By Steven Smith, Attorney and David Wolf, Attorney
Published by Child Injury Lawyer Network
In New York and other states, day care operators, owners, and employees have a duty to report suspected abuse and neglect of children attending the day care program. Most states have statutes in place that require day care operators, teachers, counselors, doctors, and others to promptly report abuse and neglect. Why are such laws in place? It is simple – the laws are in place for the protection of children. A person like a day care operator does not have to witness the actual abuse or even be certain of the abuse. Most states require that the person reporting the abuse have a good faith belief or suspicion of abuse.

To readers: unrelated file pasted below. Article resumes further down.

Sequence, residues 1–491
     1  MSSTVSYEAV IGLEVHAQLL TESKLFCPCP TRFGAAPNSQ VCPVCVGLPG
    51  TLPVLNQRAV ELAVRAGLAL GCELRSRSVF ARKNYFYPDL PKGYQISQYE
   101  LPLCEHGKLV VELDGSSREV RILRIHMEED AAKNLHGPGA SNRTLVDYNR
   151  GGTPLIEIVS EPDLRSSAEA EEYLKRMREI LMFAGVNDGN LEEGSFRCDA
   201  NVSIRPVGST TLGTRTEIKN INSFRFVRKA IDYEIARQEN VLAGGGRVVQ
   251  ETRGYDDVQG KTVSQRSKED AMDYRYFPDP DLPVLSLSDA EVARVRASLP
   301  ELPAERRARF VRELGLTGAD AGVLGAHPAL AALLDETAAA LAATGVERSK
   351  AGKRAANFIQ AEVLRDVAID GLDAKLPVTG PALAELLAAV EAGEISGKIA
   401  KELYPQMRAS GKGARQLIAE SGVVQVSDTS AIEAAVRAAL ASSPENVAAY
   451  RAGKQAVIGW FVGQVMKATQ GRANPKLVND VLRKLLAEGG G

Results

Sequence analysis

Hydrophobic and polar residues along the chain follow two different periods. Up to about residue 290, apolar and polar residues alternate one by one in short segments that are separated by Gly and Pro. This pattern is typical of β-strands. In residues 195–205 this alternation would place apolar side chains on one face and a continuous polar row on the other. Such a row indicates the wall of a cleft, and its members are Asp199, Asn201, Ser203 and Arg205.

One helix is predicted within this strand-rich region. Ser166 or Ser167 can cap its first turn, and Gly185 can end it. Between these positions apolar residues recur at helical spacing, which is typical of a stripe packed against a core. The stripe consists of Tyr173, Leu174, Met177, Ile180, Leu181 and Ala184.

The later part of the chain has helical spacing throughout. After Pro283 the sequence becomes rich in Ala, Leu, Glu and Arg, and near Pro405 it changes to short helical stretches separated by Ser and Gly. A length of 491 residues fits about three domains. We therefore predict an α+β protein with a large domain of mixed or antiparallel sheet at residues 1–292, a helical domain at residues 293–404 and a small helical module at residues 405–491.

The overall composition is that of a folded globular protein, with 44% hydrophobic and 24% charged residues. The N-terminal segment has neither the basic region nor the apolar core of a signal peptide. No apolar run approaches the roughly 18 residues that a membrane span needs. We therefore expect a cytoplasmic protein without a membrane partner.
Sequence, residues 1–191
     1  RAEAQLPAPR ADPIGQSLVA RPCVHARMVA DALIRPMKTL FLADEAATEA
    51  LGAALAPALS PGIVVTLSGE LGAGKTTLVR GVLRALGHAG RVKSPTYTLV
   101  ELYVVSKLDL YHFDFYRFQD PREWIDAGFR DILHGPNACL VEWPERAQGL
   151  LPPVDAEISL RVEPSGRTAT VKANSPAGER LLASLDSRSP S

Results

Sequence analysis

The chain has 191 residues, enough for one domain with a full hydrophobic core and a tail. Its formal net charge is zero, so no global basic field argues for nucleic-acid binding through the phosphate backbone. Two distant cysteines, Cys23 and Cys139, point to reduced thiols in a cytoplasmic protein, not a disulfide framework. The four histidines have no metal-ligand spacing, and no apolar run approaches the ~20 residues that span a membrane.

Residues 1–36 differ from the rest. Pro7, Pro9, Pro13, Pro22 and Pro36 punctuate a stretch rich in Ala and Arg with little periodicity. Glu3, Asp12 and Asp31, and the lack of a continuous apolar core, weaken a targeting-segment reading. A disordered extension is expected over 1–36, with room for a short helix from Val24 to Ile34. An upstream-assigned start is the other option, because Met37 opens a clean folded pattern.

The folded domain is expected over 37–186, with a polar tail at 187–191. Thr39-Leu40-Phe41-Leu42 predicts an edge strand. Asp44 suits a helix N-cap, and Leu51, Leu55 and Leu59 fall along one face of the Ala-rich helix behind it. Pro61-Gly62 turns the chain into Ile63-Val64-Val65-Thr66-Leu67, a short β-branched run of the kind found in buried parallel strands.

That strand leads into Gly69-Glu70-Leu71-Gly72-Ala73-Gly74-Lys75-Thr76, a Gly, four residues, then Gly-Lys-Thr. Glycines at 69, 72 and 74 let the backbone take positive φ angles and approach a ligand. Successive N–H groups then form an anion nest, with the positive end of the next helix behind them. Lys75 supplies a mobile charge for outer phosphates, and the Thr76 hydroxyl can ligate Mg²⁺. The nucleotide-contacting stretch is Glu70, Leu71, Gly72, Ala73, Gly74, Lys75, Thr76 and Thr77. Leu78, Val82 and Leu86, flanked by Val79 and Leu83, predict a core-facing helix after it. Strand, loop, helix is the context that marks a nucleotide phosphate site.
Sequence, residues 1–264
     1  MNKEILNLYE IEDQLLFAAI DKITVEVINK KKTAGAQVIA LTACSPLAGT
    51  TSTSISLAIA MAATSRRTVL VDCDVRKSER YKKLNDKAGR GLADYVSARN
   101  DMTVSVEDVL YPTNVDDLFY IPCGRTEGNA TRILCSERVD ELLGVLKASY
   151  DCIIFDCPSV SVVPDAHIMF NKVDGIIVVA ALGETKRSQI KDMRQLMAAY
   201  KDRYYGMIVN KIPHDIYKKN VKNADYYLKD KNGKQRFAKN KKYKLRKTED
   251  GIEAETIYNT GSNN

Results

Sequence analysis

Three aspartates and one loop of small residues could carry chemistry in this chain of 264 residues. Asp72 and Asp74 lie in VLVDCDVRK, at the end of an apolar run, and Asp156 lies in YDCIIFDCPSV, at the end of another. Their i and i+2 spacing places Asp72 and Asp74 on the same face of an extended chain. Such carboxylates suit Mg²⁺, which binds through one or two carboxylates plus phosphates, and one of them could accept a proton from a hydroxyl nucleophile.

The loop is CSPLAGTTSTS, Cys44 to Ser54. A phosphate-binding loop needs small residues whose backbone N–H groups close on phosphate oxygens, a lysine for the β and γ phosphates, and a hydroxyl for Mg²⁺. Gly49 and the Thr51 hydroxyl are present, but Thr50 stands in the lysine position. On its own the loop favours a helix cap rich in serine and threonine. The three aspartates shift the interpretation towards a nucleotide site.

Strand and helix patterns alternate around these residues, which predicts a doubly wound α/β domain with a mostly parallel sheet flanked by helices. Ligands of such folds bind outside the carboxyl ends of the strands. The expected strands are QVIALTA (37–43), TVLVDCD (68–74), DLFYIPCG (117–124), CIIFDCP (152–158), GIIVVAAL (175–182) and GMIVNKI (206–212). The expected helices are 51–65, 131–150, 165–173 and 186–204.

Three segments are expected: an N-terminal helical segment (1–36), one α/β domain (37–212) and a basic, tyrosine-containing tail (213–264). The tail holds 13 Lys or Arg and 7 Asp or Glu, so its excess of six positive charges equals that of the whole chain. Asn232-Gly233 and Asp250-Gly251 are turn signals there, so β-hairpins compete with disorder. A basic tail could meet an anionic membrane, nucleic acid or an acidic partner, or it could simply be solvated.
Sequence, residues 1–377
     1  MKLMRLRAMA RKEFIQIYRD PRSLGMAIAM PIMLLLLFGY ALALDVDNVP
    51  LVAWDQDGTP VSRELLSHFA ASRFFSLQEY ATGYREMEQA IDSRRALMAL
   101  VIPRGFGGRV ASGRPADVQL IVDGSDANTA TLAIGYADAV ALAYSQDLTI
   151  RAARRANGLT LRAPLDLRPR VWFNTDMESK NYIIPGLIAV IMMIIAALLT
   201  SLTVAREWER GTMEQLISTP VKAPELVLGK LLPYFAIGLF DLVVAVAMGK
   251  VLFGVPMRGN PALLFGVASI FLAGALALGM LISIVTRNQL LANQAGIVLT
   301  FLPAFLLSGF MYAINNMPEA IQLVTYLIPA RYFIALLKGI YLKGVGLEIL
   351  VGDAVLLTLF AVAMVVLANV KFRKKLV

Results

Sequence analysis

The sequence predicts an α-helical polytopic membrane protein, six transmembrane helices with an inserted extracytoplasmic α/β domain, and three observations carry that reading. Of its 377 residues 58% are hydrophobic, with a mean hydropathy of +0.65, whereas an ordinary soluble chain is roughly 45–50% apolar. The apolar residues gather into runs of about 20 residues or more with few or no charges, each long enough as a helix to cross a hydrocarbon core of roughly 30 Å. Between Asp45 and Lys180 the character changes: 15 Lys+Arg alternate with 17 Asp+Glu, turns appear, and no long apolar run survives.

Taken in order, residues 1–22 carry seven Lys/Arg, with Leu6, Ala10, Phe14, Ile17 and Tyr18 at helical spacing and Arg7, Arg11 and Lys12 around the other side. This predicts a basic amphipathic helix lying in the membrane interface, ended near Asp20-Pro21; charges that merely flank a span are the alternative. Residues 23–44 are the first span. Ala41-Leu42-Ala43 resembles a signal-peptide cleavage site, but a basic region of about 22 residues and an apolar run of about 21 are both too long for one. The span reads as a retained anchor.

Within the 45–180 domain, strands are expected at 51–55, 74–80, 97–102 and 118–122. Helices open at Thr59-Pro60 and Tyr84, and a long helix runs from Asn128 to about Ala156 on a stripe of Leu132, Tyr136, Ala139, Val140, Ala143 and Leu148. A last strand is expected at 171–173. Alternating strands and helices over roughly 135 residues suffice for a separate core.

In Syracuse, New York, a day care provider is accused of failing to report signs of abuse to authorities. Diane Shakir, age 48, has been charged with the crime of failing to report suspected child abuse involving a child by the name of Imani Jennings. Just a few weeks before Imani was beaten to death by her mother’s boyfriend, Imani was at the day care center with visible injuries. Imani’s mother was criminally negligent homicide for failing to protect her child from the boyfriend’s beatings. Of course, the boyfriend has been charged with murder and that case will be tried in the future.
Ms. Shakir, who ran a day care center out of her home, should have reported the abuse and neglect. If the abuse and neglect was reported in a timely fashion, it is possible that a life could have been saved. Certainly Ms. Shakir’s responsibility for the death of this child does not even approach that of the mother and boyfriend; nevertheless, the safety and protection of the child should have been given more attention by this day care provider.
You can read more about this story at New York Day Care Operator to Stand Trial for Failing to Report Child Abuse.